The Kislev and Tevet issues of Achoti have generated excitement beyond the target audience of survivors of Arab villages
Yad L'Achim has launched a new magazine called Achot , "My Sister" in Hebrew, written expressly for Jewish women rescued from Arab villages and their families.
The magazine is part of a larger campaign to keep in touch with these women after their rescues and help them make the transition back to the Jewish world.
Achoti, edited by Yad L'Achim social workers who've worked with survivors and understand their needs, includes inspirational articles alongside those offering practical advice on running a Jewish home and finding a job.
The first issue opened with a personal letter from Yad L'Achim's chairman, Harav Yisrael Lifschitz, who shared the story of one particular survivor who went on to open a new page in her life, proving that nothing can stand in the way of determination.
Other columns included "Little Sister," questions from young girls rescued with their mothers that are answered by a senior social worker; "Second Childhood," parenting tips from Sari, who is known by survivors as "the mother of Yad L'Achim''; and "Torat Imecha – Your Mother's Torah," an inspiring column on how to enrich one's life spiritually, written by Rabbanit Yonah Nusbacher.
In addition, there are columns offering recipes, household tips, fashion and so on.
The first two issues, for Kislev and Tevet, were such a hit that Yad L'Achim's headquarters has been inundated with calls from women wanting to make sure that the third issue will be coming out on time and be sent to them.
"I can't put it down until I've read it cover to cover," said one survivor. "I find myself reading and rereading each issue."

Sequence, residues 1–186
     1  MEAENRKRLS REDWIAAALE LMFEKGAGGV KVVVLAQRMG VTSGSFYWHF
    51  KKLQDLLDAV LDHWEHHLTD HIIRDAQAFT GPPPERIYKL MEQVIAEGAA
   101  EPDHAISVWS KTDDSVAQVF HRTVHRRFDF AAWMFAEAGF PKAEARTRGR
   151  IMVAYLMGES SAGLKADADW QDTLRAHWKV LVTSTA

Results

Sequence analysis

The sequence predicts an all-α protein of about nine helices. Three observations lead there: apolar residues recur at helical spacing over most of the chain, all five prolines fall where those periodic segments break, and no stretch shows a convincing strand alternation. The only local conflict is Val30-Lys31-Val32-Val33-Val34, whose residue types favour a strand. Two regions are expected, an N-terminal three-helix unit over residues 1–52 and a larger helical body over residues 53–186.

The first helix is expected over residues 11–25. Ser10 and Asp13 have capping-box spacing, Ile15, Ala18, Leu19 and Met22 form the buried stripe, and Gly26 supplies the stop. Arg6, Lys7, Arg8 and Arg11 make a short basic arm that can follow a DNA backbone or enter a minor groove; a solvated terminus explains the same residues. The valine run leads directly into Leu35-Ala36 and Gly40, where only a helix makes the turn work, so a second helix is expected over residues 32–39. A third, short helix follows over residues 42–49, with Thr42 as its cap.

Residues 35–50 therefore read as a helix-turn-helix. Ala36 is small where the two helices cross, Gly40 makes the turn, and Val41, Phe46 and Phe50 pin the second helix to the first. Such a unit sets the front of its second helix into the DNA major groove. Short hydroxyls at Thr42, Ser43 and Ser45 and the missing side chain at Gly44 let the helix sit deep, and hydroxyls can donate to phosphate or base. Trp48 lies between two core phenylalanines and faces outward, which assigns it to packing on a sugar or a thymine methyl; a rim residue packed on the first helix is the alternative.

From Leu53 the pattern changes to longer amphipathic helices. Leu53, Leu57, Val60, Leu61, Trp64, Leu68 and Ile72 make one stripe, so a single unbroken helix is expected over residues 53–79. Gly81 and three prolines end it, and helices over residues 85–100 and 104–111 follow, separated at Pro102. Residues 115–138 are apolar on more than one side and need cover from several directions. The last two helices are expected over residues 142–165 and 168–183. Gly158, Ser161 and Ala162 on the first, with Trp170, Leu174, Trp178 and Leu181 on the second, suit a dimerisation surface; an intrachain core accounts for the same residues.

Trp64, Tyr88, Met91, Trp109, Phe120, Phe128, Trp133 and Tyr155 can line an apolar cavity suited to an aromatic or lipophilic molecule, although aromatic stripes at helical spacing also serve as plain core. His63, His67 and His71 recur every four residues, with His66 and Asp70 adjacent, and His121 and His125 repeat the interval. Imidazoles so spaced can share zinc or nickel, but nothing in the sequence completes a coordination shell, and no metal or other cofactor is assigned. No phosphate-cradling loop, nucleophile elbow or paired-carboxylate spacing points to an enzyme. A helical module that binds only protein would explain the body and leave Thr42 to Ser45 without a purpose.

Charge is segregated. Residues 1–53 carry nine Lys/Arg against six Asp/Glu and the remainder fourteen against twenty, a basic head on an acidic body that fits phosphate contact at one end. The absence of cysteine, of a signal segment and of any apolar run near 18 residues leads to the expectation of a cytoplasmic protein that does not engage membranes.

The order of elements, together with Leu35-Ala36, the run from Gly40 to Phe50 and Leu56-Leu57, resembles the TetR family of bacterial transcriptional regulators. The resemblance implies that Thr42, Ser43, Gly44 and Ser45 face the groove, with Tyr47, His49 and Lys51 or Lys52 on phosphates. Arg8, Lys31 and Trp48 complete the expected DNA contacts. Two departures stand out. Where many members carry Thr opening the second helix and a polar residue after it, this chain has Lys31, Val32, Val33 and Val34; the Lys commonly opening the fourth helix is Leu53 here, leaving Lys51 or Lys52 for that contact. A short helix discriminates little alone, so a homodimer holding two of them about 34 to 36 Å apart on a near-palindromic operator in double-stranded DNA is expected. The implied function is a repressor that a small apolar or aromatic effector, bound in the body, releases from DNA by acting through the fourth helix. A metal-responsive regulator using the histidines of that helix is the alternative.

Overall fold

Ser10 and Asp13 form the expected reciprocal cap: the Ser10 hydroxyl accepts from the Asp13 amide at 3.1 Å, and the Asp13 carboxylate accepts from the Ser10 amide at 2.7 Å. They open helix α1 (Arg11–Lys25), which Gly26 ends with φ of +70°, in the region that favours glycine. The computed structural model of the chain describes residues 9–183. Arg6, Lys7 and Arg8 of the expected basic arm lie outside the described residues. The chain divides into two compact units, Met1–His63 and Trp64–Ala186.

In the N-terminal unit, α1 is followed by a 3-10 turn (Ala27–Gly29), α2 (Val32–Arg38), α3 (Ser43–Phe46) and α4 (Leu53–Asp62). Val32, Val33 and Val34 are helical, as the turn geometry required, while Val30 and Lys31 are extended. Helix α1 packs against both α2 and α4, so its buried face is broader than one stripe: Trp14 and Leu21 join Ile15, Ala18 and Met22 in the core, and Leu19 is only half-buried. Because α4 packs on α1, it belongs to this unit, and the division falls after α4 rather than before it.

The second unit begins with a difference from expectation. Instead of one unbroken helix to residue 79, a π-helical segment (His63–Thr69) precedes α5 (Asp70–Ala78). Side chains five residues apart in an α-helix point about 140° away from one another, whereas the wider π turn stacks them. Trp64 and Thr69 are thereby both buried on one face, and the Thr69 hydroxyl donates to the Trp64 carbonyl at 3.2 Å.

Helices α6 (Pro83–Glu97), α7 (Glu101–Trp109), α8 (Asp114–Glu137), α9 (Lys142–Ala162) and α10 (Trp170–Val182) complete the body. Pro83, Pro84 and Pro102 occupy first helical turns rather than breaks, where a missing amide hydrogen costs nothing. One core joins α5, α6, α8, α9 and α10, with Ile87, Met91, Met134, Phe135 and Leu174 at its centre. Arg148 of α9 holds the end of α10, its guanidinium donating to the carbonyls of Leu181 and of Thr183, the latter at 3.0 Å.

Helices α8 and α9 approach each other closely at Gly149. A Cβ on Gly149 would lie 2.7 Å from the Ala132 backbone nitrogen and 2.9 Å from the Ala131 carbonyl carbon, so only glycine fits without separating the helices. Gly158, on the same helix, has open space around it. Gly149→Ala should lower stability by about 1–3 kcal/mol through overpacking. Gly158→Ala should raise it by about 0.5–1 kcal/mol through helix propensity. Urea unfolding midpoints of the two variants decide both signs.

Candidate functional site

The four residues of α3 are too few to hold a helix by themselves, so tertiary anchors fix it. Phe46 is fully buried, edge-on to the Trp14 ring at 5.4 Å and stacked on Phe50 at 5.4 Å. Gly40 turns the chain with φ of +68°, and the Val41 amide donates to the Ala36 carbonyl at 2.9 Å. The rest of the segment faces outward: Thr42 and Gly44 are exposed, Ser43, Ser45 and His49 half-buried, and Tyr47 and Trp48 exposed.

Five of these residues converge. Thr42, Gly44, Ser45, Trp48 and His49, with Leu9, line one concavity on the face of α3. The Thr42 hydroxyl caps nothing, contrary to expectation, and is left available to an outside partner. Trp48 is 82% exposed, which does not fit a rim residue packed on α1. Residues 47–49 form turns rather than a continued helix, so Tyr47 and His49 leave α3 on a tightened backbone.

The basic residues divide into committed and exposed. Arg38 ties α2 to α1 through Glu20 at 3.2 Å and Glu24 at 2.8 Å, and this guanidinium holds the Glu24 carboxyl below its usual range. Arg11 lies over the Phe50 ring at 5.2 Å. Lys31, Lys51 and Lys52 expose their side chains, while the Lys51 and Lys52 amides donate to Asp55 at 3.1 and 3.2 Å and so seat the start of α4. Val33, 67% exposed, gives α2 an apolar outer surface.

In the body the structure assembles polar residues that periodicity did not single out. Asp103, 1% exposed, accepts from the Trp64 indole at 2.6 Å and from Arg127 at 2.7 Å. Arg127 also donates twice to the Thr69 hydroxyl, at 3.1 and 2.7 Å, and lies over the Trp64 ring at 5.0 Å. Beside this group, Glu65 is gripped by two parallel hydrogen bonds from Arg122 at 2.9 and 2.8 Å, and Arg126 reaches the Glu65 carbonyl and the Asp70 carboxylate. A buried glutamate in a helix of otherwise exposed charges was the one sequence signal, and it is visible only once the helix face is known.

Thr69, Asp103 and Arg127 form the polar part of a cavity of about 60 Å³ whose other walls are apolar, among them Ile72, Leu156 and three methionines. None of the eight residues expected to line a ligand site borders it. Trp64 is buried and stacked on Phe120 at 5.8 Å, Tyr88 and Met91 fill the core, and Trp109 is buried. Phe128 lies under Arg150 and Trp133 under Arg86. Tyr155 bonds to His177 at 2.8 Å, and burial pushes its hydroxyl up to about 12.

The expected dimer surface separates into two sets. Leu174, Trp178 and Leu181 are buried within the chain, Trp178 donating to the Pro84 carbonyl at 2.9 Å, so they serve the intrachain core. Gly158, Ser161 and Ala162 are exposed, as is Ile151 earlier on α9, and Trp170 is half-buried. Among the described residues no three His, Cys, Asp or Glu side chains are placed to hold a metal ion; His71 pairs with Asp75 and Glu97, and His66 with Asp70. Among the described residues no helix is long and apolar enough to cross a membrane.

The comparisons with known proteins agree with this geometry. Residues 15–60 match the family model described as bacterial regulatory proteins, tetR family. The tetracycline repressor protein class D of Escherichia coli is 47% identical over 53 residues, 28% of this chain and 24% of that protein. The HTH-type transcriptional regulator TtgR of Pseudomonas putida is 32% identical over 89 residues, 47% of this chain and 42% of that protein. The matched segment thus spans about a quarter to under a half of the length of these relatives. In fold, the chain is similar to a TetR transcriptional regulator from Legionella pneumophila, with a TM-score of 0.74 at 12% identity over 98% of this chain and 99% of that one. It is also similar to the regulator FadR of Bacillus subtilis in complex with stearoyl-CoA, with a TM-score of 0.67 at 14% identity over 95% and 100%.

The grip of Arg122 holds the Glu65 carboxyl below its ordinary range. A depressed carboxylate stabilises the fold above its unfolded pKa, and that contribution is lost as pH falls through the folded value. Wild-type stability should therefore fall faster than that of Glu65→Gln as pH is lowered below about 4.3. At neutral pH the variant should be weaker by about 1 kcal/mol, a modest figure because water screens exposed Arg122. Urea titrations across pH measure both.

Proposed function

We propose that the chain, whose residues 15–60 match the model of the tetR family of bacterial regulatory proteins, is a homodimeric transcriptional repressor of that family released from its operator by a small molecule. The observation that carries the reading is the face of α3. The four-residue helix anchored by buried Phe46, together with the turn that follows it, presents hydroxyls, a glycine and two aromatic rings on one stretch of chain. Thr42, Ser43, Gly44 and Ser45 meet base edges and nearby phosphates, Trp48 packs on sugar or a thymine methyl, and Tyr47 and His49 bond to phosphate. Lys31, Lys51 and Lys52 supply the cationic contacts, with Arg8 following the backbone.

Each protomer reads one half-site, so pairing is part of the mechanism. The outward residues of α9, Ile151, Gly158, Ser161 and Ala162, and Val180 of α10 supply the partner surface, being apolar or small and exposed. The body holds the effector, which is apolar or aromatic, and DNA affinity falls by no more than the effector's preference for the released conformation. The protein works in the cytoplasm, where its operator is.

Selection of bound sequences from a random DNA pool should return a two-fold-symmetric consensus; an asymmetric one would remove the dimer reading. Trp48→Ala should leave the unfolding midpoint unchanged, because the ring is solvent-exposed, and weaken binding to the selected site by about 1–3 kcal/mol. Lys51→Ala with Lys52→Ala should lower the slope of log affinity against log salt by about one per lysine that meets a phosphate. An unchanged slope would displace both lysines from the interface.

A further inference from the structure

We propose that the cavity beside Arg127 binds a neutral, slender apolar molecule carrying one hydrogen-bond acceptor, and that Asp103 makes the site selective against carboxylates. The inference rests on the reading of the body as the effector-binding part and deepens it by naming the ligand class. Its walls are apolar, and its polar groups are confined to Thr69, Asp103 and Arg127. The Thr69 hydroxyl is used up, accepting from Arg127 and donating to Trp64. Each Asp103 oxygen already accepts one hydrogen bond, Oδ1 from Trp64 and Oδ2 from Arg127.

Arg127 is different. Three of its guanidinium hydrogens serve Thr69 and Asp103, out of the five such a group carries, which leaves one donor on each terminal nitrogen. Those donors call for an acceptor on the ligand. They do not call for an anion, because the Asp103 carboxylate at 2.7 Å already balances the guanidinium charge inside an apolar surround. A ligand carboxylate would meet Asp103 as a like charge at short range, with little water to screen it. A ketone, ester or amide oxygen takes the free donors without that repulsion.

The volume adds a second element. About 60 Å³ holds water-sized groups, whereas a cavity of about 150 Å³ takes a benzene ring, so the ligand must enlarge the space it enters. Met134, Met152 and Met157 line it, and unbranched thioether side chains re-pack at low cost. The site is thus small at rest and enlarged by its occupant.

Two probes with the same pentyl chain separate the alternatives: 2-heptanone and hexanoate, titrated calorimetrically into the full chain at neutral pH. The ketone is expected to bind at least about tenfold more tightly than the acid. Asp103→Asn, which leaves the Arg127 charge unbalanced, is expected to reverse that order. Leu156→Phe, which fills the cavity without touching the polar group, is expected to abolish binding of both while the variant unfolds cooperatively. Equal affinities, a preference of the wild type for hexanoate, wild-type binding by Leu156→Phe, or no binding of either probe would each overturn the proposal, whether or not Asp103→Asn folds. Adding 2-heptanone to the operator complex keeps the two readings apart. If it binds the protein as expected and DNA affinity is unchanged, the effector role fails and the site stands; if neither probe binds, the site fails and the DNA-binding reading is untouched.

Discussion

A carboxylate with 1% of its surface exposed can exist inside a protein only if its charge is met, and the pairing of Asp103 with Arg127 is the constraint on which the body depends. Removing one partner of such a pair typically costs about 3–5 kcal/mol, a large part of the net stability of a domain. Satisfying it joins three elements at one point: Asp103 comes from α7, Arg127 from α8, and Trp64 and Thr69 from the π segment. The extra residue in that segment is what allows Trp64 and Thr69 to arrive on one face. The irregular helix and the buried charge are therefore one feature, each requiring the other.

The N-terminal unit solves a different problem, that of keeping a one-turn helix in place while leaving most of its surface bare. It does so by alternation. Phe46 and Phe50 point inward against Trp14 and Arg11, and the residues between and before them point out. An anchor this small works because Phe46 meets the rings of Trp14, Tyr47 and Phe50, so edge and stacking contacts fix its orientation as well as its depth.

Another reader, referring to an article titled "Bread of Labor," which presented tips on how to get a job, said that after reading it she was able to muster the courage to go on her first serious job interview. She now feels confident about her ability to find work and support herself and children.
The magazine, with its sharp graphic design, is generating excitement beyond the target audience of women rescued from Arab villages. Many religious girls' high schools have asked Yad L'Achim to send them the magazines so that they can distribute them to their students.
"I discovered that written material, when it's professionally edited and laid out, is much more effective than lectures when it comes to dealing with these painful, sensitive issues," said one principal, who understands the importance of educating high school-aged girls about the dangers of getting involved with Arab men.
Yad L'Achim officials say they intend to continue publishing the magazine on a monthly basis, with G-d's help, because the "follow-up educational activities are no less important than the rescue itself in ensuring the Jewish continuity of these women and their future generations."